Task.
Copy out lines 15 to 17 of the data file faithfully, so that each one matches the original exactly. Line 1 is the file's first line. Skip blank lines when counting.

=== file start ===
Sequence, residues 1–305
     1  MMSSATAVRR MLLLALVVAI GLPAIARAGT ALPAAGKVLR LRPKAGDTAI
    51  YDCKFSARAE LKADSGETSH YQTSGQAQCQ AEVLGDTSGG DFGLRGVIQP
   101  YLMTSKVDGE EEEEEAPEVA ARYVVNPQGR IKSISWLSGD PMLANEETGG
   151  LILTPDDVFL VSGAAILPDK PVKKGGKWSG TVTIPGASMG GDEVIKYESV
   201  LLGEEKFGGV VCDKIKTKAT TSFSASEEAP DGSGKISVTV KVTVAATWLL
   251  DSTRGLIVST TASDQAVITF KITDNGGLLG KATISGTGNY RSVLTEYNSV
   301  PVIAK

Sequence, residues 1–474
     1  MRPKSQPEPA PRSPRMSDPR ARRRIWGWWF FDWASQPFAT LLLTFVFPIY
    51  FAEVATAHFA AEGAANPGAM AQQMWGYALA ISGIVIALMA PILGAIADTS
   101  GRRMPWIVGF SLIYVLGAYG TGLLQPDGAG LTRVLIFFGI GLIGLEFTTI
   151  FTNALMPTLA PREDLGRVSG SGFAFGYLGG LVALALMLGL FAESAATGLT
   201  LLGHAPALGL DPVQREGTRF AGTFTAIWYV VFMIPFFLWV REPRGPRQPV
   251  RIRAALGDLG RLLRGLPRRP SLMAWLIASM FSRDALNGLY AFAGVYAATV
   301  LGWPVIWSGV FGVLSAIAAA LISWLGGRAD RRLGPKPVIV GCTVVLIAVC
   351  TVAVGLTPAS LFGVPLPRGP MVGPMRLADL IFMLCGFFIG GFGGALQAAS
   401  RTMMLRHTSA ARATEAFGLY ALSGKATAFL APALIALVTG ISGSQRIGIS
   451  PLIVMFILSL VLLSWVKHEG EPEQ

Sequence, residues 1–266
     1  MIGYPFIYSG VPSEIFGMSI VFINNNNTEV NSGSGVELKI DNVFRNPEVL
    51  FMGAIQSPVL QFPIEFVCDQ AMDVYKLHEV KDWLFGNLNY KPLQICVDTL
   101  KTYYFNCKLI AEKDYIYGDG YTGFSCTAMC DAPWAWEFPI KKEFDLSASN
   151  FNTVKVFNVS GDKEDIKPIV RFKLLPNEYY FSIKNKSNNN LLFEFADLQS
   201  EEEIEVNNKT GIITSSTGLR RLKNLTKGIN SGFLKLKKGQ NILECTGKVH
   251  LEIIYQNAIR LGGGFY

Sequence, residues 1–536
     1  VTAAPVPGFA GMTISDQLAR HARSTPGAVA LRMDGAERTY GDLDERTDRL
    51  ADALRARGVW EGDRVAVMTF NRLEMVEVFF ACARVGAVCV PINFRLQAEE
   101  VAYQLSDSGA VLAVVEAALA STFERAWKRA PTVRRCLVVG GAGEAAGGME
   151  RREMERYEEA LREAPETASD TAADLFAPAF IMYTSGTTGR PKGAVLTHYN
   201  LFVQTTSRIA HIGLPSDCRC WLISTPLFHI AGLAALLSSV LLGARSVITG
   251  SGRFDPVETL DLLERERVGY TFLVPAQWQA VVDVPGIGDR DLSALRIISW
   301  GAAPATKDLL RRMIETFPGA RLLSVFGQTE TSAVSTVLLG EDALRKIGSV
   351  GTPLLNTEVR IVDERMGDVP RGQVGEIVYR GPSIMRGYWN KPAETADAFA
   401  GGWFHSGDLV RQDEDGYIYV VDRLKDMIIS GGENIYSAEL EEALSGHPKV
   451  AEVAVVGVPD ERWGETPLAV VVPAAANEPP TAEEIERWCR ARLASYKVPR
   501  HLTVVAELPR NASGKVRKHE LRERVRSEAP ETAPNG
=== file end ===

   251  RIRAALGDLG RLLRGLPRRP SLMAWLIASM FSRDALNGLY AFAGVYAATV
   301  LGWPVIWSGV FGVLSAIAAA LISWLGGRAD RRLGPKPVIV GCTVVLIAVC
   351  TVAVGLTPAS LFGVPLPRGP MVGPMRLADL IFMLCGFFIG GFGGALQAAS